1.THE COASTAL STRIP goes from South of Walvis Bay to North of Mowe Bay. The weather can be very changeable and really cold at times. The cold Benguela current from Antartica brings much plankton and fish to the region.
The Skeleton Coast is pretty flat and deserted. Beautiful specimens of lichens, welwitschias (plants estimated at over 1000 years old) can be seen near the Messum Crater and close to Swakopmund.
Swakopmund is a “German” trendy touristic town.
Walvis Bay is a cosmopolitan, industrial town (mostly marine and fishing). Many touristic activities and excursions start from here. Walvis Bay’s lagoon is a Ramsar site (wetland site of international importance) and is a bird watchers’ paradise with its many pelicans and flamingos.
2.KAOKOLAND is North West of the country. It is a very remote and scarcely populated area.
This is the home of the attractive Himba tribe. The Epupa Falls are still virgin and little commercialized waterfalls. The Ruacana Falls power station produces a large amount of electricity for the country in the rainy season.
If you like solitude, remote areas and wilderness, this is a beautiful part of the country.
Be well prepared before you start your journey.
3.ETOSHA, in the Northern region, is the biggest national park in Namibia. It is about the size of Belgium. You can see many animals including lions, leopards cheetahs, rhinos, giraffes, elephants, buffalos, zebras, and about 350 bird species.
North of Etosha you have the very populated areas of Oshakati and Ondangwa, mostly home of the Owambo tribe.
Tsumeb museum is worth visiting for its rich history.
The Otjikoto lake North West of Tsumeb is unusual for its depth (55m), dolomite and limestone formation,for its large underground tunnels and interesting history.
4.KAVANGO-CAPRIVI-ZAMBEZI. It is the Northeast region respectively running from West to East . The whole area is lush tropical vegetation, abundance of game and wild birds,
500km of tarred road, the Trans Caprivi Highway starting from Rundu all the way to Katima Mulillo. Thereafter it is the gateway to Zambia, Botswana, Zimbabwe, and also to Victoria Falls.
The Okavango River forms a natural boundary between Namibia and Angola for more that 400km and the Kavango people and Caprivians make a living from fishing, tending cattle and cultivating sorghum, millet and maize.
There are many rural areas in between Rundu and Katima Mullilo. It is a very nice and green landscape, where you feel that time has stopped through the slower pace of life and the gentleness of its people.
5. DAMARALAND. Twyfelfontein was declared a World Heritage site in 2007. There are more than 2000 rock engravings estimated to be 6000 years old.
Brandberg is the highest mountain in Namibia (2606m), and there are many other attractive areas including the unusual granite rock formation at Spitzkoppe.
It is the land of the Damara tribe, with their lovely “click-clicks”.
6. WATERBERG-KHAUDUM area. Near Grootfontein you find the biggest meteorite in the world.
Tsumkwe, in the Khaudum, which is a remote area, is the home of the San people, also known as the bushmen, true hunters and gatherers. They make up only about 2% of the Namibia’s population. They are said to be the original inhabitants of Namibia.
Like many other tribes in the country, the San endeavour to keep their beliefs and traditions but western culture is catching up quickly.
There is the Waterberg red rock and flat top Plateau, rising from the surrounding Kalahari Desert. It is an isolated area, home of many animals and also endangered species, including white rhino, roan, sable antilopes, and a paradise for birds.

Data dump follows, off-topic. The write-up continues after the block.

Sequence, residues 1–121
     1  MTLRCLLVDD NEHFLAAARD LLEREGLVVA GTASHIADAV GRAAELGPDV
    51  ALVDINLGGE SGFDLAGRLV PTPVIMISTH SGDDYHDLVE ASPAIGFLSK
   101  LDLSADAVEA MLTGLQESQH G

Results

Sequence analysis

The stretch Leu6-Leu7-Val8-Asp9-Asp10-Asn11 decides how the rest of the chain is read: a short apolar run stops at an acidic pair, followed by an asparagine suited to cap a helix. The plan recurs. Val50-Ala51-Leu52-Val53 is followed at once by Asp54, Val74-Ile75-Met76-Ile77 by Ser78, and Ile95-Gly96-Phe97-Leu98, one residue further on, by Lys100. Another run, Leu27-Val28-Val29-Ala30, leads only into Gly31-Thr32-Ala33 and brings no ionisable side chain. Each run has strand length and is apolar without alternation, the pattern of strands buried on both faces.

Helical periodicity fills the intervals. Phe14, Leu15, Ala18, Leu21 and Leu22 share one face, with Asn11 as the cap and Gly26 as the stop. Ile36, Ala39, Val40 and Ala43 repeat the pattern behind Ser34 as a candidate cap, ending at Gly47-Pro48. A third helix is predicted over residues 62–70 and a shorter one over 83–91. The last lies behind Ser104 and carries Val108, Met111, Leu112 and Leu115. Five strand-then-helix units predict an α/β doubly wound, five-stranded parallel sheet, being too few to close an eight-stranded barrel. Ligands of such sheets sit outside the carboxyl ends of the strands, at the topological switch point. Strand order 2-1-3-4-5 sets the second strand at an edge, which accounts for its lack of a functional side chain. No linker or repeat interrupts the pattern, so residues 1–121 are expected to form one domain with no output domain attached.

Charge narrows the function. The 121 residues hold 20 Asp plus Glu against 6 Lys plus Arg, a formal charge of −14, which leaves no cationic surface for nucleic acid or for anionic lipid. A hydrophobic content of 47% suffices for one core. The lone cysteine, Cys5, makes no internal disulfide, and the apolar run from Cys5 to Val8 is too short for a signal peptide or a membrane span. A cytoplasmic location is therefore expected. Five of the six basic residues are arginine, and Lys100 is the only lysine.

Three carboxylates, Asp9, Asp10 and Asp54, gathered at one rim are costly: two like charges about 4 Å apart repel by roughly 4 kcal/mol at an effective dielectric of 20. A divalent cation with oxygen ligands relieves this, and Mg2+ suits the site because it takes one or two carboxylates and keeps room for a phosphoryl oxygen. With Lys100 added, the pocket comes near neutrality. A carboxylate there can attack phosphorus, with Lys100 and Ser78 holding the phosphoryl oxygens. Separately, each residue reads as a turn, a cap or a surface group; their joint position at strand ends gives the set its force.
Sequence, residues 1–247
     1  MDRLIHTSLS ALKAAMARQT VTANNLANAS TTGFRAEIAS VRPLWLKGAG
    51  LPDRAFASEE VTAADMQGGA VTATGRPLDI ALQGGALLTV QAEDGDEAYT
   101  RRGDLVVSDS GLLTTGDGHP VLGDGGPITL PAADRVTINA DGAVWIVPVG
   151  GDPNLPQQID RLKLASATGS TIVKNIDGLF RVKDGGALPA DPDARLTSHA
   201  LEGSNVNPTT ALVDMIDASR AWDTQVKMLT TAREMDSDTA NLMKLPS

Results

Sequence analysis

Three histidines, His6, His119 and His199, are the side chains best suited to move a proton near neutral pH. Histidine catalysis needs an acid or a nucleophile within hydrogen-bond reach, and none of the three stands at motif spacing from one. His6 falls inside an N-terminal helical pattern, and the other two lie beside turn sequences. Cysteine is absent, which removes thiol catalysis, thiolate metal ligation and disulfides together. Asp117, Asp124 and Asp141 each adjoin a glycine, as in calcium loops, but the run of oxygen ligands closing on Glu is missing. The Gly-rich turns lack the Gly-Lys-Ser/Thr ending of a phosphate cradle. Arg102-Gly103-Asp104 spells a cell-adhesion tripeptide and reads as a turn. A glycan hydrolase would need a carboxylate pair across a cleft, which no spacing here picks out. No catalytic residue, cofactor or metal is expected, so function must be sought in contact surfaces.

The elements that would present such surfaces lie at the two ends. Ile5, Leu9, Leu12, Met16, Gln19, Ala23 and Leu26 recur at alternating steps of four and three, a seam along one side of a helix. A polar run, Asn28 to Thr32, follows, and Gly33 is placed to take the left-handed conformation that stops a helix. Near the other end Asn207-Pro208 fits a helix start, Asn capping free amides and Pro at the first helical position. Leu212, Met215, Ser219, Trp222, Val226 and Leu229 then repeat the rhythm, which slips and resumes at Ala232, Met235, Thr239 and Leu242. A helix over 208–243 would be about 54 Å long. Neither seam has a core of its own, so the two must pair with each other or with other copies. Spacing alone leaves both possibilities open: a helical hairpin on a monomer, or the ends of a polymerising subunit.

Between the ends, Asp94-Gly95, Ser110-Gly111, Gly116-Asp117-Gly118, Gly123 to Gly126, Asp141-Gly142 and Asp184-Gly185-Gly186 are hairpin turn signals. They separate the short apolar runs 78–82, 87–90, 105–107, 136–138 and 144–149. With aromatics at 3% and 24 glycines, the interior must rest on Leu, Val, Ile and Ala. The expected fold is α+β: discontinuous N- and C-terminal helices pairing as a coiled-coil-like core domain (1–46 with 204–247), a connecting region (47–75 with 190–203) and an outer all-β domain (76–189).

It is a remote and wild area. Be well prepared and self sufficient.
7.NAMIB NAUKLUFT PARK, in the West of the country, includes :
The Namib Desert. It is said to be the oldest desert in the world and includes the whole of Western Namibia.
The Naukluft Mountains : Nearly 2000m high, form the eastern extent of the park.
Sandwich Harbour : About 45km South of Walvis Bay. 4×4 only. It is a beautiful spot where the lagoon is circled by high dunes, reeds, the sea, and birds.
Sossusvlei area : with its beautiful tall and carved orange dunes. Big Daddy is said to be the highest dune in the world (you can climb it) ; Deadvlei pan, where skeleton trees are still standing up on dried white clay after 500 years. It is a very touristic area. ; Further South, the NamibRand nature reserve is also a paradise for photographers and the romantic majestic beauty of the orange sand gets under your skin.
8.WINDHOEK-KALAHARI DESERT area, on the Central and East side of the Country.
Windhoek is the Capital of Namibia, with a population of about 326,000 people. It is a growing cosmopolitan city with a mix of historical architecture and modern buildings. Okahandja is the home of the Herero tribe and there is a large open air woodcarvers’market. Rehoboth is the home of the Basters’ community, descendants of Dutch and French men and indigenous Nama women from Southwest Africa.
The Kalahari Desert, on the East, is said to be between 55 and 80 million years old. It overlaps onto Botswana and South Africa. It is a semi-arid, sandy savanna, where you can see lions, leopards, wild dogs, etc. It is also the home of the San people. Temperature can rise to 45C in the summer whereas in winter, the night temperature can drop below 0C,
9.LUDERITZ is a coastal small fishing town in the South West of Namibia and there are a few historical places to visit.
What is quite fascinating is Kolmanskop, the “ghost town“, a disused diamond mine settlement, where the Germans lived a “grand” life at the beginning of the 20th Century. Today the sand is the guest in many houses.
The coastal zone South of Luderitz to Oranjemund is a diamond area, prohibited to the public.
FISH RIVER CANYON is the second largest canyon in the world. It is 160km long x 27km wide and 550m deep. Guided hiking is highly recommended.
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